There are parallels to this here and there in the New

Testament, 21 but not in the references to the Colossian heresy. It

is unlikely that the Qumran community had members, even

associate members, among the Jews of Phrygia; to follow any-

thing like the Qumran way of life in a pagan environment would

have been difficult indeed. But the Qumran community, and the

wider Essene order of which it was apparently a branch, repre-

sented a phase of a far-flung tendency sometimes called Jewish

nonconformity.22  This tendency is attested as far west as Rome;

some features of Jewish practice in that city were markedly

"nonconformist in character, and persisted in later generations

in Roman Christianity.23

          To look to movements within Judaism for the source of the

Colossian heresy is a wiser procedure than to postulate direct

influences from Iranian or Greek culture. Some religious syncre-

tism was no doubt present in the Jewish communities of Phrygia,

but some of the features of the Colossian heresy that have been

thought to point to syncretism are in fact features that tend to be

common to mystical experiences, regardless of the religious tradi-

tion within which they occur. And not only in Jewish noncon-

formity but in what was to establish itself as the mainstream of

Rabbinical Judaism there was present as early as the first cen-

tury B.C. a form of religious mysticism which was destined to

endure for centuries.


                              Merkabah Mysticism

          This is commonly called merkabah mysticism, because of

the place which it gave to religious exercises designed to facilitate

entry into the vision of the heavenly chariot (hbAKAr;m,), with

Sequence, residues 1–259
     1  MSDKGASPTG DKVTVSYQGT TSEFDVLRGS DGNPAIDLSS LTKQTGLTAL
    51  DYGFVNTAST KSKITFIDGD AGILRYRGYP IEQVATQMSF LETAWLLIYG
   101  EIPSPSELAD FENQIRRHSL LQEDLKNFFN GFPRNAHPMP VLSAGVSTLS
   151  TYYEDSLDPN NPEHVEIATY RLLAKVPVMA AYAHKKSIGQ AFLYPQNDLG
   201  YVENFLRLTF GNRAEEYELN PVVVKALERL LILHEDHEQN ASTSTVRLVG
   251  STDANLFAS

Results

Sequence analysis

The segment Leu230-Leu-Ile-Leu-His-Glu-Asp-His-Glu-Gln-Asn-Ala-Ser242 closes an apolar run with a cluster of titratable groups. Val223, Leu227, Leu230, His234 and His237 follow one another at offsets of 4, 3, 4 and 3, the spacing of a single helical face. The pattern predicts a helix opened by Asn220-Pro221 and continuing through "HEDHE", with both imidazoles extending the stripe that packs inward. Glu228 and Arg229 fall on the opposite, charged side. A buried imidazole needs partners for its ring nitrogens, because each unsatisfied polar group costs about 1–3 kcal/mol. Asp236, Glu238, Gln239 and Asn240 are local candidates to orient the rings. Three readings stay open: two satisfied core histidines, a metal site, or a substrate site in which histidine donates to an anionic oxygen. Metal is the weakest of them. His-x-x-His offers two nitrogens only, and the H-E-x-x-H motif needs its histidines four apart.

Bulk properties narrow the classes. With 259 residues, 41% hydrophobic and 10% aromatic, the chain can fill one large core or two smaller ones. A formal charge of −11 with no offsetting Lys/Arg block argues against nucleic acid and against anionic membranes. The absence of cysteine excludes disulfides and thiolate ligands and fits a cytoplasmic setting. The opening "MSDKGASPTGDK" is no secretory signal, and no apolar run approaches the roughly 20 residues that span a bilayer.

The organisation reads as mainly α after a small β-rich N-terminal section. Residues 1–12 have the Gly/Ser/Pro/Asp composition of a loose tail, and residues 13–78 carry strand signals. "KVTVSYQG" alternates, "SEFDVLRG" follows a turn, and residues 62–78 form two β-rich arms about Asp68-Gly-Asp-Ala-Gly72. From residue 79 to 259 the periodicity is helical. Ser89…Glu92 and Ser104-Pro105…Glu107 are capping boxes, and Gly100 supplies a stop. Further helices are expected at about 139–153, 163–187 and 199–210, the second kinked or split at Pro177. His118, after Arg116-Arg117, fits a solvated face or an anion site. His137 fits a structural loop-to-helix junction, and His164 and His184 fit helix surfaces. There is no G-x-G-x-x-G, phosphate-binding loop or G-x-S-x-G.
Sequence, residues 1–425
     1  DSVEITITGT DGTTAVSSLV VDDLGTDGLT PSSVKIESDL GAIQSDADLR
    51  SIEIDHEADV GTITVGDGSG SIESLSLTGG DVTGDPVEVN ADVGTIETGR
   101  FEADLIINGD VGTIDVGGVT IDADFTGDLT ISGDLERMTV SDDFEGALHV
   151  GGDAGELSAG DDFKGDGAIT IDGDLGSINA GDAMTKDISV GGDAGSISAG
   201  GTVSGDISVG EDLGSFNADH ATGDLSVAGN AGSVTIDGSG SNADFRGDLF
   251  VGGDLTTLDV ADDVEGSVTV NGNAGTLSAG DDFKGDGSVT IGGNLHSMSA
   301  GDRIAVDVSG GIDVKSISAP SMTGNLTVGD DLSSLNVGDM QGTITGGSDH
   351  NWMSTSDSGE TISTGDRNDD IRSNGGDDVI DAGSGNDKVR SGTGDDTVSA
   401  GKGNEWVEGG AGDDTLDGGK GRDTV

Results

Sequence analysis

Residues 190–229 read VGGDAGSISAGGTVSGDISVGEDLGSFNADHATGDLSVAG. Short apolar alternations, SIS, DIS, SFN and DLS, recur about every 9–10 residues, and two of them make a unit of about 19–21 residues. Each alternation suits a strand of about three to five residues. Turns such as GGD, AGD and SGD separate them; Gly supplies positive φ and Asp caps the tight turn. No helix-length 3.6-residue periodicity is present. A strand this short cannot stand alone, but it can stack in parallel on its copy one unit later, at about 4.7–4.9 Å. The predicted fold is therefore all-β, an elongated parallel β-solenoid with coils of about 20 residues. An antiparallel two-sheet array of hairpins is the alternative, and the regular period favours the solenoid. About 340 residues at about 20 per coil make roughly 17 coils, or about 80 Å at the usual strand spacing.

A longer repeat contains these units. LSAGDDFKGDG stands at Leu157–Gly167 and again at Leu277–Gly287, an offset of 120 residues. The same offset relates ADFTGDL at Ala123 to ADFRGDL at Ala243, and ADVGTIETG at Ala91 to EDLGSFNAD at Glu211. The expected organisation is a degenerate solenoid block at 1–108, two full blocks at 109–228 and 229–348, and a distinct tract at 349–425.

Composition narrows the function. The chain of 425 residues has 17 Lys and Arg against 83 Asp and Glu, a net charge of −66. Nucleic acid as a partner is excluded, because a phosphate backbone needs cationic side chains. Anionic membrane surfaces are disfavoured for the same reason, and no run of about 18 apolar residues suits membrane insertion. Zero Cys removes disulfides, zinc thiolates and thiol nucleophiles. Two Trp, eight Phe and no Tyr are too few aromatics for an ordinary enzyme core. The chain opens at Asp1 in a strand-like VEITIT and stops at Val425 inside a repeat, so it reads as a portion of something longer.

202      Bibliotheca Sacra — July-September 1984


God visibly enthroned above it the vision granted to Ezekiel

when he was called to his prophetic ministry (Ezek. 1:15-28).24

For the gaining of such a vision, punctilious observance of the

minutiae of the Mosaic Law, especially the law of purification,

was essential. Moreover, in addition to what the Law required of

every pious Jew, a period of asceticism, variously estimated to be

12 or 40 days, was a necessary preparation. Then when the

heavenly ascent was attempted the mediatorial role of angels was

indispensable. It was important therefore not to incur their hos-

tility, for the ascent was attended by great perils.

          Rabbinical tradition includes a well-known account of the

privilege of entering paradise once granted to Rabbi Aqiba and

three of his colleagues. Aqiba was the only one of the four to

return unscathed. Of the others, one died, one went mad, and one

committed apostasy.25 The apostasy of Elisha ben Abuyah per-

haps illustrated the dangers of the mystical ascent even more

than what befell his two companions: even for one who came

through physically unharmed there was the risk of being so

unbalanced by the experience that one could no longer distin-

guish truth from error. Nor is this surprising: it is true to this day

that people who have mystical experiences tend to attach more

importance to what they saw or heard in they course of such an

experience than to the sober truth of the Word of God.

          In this context it is impossible to forget that Paul himself

once had a mystical experience of this kind, when he was caught

away into paradise (2 Cor. 12:2-9). So far as can be judged from

his account, the experience came to him unsought with no

ascetic preparation. He could not and dared not divulge what he

heard on that occasion. The accounts of Paul's conversion have

echoes of Ezekiel's inaugural vision26  but (quite apart from

chronological difficulties) Paul's experience cannot be identified

with his conversion experience. He was quite ready to tell what he

heard on the Damascus Road—the command of the risen Lord to

be His apostle to the Gentile world. But for the rest of Paul's life he